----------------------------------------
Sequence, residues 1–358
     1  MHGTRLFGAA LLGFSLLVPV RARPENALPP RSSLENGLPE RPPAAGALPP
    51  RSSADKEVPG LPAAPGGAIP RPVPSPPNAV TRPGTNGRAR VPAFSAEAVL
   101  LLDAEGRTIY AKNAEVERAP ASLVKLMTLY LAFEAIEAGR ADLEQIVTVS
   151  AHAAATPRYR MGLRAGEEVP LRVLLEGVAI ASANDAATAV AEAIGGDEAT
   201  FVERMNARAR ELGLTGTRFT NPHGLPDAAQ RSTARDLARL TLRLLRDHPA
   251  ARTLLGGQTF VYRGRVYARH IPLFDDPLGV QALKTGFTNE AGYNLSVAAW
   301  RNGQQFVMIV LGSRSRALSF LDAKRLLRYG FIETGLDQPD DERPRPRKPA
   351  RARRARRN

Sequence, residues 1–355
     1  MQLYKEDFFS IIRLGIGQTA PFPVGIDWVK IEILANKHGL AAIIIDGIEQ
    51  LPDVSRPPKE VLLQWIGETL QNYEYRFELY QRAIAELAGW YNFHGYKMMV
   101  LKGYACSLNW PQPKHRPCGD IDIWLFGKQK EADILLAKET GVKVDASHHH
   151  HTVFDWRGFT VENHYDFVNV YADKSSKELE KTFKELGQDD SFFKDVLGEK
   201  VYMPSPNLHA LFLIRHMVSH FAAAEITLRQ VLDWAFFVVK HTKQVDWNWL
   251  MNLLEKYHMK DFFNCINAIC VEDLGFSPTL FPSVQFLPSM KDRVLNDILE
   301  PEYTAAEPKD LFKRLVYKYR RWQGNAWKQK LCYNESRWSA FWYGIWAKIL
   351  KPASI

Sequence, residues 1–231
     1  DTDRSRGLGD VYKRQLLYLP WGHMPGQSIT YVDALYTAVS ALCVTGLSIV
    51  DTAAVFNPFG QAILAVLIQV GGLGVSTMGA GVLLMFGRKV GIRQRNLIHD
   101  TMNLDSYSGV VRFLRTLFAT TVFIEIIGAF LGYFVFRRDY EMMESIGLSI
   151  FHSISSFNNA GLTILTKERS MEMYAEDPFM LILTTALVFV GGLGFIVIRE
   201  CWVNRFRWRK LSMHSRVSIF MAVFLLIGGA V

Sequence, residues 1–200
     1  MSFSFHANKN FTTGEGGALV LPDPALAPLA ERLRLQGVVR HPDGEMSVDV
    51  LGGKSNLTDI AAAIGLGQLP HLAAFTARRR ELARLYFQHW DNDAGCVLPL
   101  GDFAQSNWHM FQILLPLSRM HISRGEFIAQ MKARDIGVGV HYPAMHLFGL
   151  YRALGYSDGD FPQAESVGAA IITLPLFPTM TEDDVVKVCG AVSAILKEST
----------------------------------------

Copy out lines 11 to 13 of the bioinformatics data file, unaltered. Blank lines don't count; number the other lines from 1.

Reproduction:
     1  MQLYKEDFFS IIRLGIGQTA PFPVGIDWVK IEILANKHGL AAIIIDGIEQ
    51  LPDVSRPPKE VLLQWIGETL QNYEYRFELY QRAIAELAGW YNFHGYKMMV
   101  LKGYACSLNW PQPKHRPCGD IDIWLFGKQK EADILLAKET GVKVDASHHH